AKIPRESS.COM - Growth in Europe and Central Asia decelerated to an estimated three-year low of 2% in 2019, reflecting a sharp slowdown in Turkey as a result of acute financial market pressure in 2018, as well as in the Russian Federation amid weak demand and cuts in oil production, according to Global Economic Prospects released by the World Bank.
Sustained weakness in exports growth in the region has continued amid slowing manufacturing activity and investment.
In Russia, softer-than-expected investment and trade, together with a continuation of international economic sanctions, resulted in a growth slowdown to an estimated 1.2%. In Turkey, industrial production and manufacturing data suggest that the economy began to stabilize in late 2019, following the disruptions from acute financial market pressures in the previous year. Even so, growth slowed sharply for the year, falling to near zero.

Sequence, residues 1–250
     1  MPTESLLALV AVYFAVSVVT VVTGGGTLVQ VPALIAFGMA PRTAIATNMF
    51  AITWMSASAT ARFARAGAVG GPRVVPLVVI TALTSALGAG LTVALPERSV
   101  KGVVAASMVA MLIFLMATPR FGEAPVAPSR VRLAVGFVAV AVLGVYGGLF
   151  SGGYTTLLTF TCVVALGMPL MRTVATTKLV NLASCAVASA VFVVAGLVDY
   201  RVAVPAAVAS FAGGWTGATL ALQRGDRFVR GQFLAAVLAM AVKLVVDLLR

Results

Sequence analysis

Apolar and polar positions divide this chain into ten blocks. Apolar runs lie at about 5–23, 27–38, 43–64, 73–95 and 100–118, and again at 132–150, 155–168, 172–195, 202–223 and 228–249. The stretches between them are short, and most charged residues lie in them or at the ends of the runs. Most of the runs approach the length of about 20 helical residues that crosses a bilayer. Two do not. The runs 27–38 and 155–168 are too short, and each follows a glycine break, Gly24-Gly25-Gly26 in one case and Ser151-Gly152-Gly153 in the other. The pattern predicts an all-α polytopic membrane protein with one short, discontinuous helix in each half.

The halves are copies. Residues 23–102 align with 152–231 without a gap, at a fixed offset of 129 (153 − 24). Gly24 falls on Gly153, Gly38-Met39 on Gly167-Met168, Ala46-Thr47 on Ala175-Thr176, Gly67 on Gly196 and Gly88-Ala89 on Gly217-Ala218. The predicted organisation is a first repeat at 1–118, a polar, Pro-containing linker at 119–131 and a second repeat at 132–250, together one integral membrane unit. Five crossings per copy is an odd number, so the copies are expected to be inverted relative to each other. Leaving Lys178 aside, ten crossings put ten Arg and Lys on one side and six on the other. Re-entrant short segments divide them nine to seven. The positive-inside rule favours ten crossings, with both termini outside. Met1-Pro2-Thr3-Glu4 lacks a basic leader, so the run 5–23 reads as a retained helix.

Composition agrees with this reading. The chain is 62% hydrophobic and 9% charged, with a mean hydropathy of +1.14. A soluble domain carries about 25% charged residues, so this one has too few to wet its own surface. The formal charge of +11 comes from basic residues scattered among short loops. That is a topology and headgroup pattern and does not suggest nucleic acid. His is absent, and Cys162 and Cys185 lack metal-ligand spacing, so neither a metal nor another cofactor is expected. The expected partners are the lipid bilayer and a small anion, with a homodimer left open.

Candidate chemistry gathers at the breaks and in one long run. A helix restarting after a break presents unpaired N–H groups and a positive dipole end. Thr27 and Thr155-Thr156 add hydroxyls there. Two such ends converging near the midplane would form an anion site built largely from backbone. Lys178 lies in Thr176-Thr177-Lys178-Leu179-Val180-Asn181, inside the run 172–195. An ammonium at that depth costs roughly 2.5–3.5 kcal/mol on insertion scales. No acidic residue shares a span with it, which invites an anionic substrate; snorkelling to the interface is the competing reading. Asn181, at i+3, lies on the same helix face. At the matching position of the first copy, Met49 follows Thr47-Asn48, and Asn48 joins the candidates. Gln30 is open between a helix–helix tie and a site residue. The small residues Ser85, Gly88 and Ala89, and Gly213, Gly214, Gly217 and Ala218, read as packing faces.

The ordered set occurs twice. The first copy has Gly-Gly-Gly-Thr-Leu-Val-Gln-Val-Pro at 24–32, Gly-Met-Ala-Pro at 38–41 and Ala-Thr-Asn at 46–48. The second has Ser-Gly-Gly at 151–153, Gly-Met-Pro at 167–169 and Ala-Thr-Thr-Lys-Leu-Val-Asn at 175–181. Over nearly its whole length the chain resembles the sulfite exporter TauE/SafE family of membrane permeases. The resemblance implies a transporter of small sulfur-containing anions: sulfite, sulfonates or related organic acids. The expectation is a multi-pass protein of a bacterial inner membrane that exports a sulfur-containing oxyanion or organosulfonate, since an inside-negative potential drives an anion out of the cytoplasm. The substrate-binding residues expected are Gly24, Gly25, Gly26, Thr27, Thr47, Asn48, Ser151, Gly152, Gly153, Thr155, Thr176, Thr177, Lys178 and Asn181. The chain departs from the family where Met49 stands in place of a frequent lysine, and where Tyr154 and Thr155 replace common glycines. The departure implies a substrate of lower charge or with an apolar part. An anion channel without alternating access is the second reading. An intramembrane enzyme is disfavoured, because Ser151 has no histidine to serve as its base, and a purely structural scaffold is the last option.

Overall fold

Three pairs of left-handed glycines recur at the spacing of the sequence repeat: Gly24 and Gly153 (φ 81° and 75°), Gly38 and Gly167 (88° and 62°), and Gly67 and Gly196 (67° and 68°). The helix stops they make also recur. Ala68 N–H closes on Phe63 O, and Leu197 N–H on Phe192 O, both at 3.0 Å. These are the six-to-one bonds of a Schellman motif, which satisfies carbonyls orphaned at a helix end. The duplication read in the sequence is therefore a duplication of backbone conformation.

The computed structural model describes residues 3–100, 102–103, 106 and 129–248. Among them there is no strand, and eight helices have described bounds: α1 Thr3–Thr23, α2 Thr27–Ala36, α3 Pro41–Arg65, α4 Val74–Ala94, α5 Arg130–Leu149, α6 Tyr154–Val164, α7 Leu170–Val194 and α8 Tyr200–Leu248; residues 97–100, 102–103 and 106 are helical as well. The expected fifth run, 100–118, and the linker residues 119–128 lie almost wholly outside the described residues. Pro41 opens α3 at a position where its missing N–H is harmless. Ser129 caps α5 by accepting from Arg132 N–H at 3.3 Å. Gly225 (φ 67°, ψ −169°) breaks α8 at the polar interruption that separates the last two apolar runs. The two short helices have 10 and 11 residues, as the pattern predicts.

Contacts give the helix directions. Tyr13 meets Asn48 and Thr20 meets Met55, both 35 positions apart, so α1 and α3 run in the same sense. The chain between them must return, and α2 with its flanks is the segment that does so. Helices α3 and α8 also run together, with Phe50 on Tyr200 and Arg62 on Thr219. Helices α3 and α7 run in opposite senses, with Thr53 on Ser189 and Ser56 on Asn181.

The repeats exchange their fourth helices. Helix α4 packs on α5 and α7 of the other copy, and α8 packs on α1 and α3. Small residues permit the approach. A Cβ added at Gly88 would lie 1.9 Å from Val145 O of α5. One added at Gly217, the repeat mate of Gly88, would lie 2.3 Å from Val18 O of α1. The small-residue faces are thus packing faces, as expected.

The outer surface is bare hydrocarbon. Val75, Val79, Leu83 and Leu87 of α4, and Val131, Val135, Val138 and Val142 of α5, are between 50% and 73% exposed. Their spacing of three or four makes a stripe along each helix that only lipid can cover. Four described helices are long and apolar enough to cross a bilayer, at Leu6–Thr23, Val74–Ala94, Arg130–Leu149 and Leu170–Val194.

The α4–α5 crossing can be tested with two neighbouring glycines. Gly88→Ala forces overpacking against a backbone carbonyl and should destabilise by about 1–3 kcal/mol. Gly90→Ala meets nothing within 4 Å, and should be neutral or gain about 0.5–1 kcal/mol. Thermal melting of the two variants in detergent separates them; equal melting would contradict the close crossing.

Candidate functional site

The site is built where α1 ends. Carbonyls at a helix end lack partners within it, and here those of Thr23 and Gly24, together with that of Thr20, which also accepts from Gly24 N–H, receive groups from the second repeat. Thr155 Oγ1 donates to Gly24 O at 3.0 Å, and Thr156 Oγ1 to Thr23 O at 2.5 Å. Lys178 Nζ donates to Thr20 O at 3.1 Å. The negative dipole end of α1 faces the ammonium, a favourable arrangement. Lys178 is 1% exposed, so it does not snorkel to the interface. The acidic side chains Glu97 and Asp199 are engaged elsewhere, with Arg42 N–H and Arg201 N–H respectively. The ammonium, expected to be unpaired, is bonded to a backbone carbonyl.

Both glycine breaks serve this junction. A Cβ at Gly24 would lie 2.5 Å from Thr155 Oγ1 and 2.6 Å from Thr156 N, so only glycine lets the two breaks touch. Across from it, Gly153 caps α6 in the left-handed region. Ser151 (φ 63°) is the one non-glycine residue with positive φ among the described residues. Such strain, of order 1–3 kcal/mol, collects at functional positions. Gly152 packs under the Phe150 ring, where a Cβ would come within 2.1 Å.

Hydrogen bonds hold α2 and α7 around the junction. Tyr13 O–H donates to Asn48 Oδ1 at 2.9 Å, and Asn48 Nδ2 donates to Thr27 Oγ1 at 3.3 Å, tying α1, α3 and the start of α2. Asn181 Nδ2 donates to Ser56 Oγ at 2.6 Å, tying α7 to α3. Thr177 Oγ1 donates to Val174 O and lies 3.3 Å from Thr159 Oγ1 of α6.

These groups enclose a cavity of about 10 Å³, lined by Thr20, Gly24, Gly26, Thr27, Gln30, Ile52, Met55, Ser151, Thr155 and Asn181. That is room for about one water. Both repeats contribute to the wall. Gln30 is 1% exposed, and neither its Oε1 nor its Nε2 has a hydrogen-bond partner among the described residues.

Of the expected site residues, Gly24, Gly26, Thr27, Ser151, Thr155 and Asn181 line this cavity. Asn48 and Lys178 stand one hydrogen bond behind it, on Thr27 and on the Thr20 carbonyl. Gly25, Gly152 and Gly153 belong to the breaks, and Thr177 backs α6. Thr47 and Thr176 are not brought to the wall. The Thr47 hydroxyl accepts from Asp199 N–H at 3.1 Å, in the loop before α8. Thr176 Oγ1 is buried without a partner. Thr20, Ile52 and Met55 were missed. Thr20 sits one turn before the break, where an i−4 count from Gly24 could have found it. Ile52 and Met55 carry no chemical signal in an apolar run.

Growth in Central Asia in 2020 is anticipated to slightly moderate to 4.4% following agreed-upon oil production cuts by Kazakhstan.
The regional outlook remains subject to significant downside risks, including slowing growth in major trading partners, geopolitical turbulence, heightened policy uncertainty, exposure to disorderly financial market
developments, as well as weakening productivity growth over the long run.
A slowdown in the Euro Area could generate negative spillovers in economies with tightly linked trade and financial ties. Slowing growth in China could be propagated through trade and commodity price channels to Central Asia, as well as metals exporters in the ECA region, which are increasingly reliant on China as an export destination. The region’s energy exporters — Azerbaijan, Kazakhstan, and Russia — remain vulnerable to large swings in global commodity prices, particularly when accompanied by heightened volatility, the report said.